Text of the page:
Dr. Susan Ball: From Saving People to Saving Delaware’s Inland Bays
Dr. Susan “Susie” Ball is a super-friendly person with a great sense of humor. But she gets very serious when the topic turns to nature and the environment. How does a psychiatrist from Philadelphia become an environmental activist at the beach? Let’s find out.
A native of England, Susie was an only child growing up in a suburb of London. Mom was a hairdresser. When Susie was five years old, her father suffered severe injuries after being thrown from his moped and spent months at the RAF Hospital’s Burn Center.
“I used to visit him at the hospital. A hospital can be a scary place for a five-year-old,” said Susie. “What a coincidence that I would spend most of my adult life employed in hospitals, and then a burn center.”
Upon graduation from high school, Susie was encouraged by friends in New York to come across the “pond” and join them in the Big Apple. Upon arriving in New York, Susie got a job as a lab technician at NYU. Her boss saw Susie’s potential and encouraged her to enroll in college, and Susie went off to City College. After receiving her bachelor’s degree, she was accepted into medical school at the University of Pennsylvania in Philadelphia.
Susie spent a year in the internal medicine program and discovered that she preferred sitting down and talking at length with patients instead of treating physical ailments, so Susie switched to the psychiatry program. After graduation from “Penn,” Susie did her residency at Thomas Jefferson University Hospital in Philadelphia, which led to her career with Crozer-Chester Medical Center in Delaware County, Pennsylvania.
Susie was a hospital psychiatrist, then a psychiatry consultant to Crozer’s Burn Center, and later became director of Geriatric Psychiatry at Crozer—all while managing her own private practice.
Around 1993, Susie was introduced to her future partner and spouse, Susan Delaney, who was Director of Human Resources at Delaware County Memorial Hospital in Drexel Hill, Pennsylvania. After a year, they had a commitment ceremony, and a few years ago, after Delaware legalized same-sex marriage, they were finally married in Delaware.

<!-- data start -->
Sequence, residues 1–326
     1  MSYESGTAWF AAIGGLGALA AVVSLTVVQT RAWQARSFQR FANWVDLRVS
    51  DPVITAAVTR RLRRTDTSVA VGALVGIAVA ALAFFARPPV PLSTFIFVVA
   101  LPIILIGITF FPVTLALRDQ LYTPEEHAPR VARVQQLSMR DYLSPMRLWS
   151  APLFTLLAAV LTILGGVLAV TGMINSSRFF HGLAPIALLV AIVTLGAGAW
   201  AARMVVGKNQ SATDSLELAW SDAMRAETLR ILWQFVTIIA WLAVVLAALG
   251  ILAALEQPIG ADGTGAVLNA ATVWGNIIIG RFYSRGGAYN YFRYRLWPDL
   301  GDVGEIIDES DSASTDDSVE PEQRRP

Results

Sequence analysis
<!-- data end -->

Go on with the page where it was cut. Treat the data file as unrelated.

Susie and Susan had discovered the joys of Rehoboth after a few weekend visits, and eventually bought a rental property while still living and working in Pennsylvania. They continued weekend visits over the years, joined a small circle of friends and started thinking that the beach would be the ideal place to be when they decided to retire.
Six years ago, the “R” word became reality, and Susie and Susan were finally living at the beach full time. However, retirement was not sitting well with Susie and she realized she needed to “get out and get involved with something.”
An avid nature lover and bird watcher, Susie just happened to hear a young man giving an impassioned talk about the state of Delaware’s Inland Bays. That young man was Chris Bason, Executive Director at the Delaware Center for the Inland Bays, a non-profit organization that has been actively involved in preserving and protecting the Inland Bays since 1994. Susie was motivated enough to join their Citizen Advisory Committee, then became Committee Chair, and later was asked by Mr. Bason to join the Center’s Board of Directors. She now serves as Board Chair.
“Through the Center’s work, I became extremely passionate about saving our beautiful bays and the right of all Delawareans to have clean water,” said Susie. “Delaware’s bays and their wildlife remain at risk from pollutants including nitrogen and phosphorus runoff, and failing wastewater treatment programs.
Sussex County in particular has several communities where clean drinking water is at risk or already compromised. The Center is one of only 28 organizations throughout the entire United States that are part of the National Estuary Program (NEP), created by Congress in 1987 to develop comprehensive management plans to restore and protect the estuaries and inland bays.
“The Center employs five scientists; we have an education and outreach program that provides environmental education to 1,000 middle school children from Indian River School District every year, and our hundreds of volunteers work tirelessly doing horseshoe crab surveys, fish seining and inland bays cleanup.”
Currently, the Center is working to install stormwater retrofit projects in Dewey Beach, Stockley Center and Anchorage Canal. Susie also has volunteered her time to lecture at Osher Lifelong Learning center and has been a guest speaker at several community homeowner associations.
“All my life I have worked to improve the welfare and well-being of people. I have transferred my “caring for people” mantra to caring for our environment. We have to preserve and protect what we have.”
If you are interested in learning more about the inland bays, or would like Susie to be a guest speaker please email her. And thanks, Susie for being a friend of the bays.
When she is not aimlessly wandering about the hardware store, Kim can be reached by email.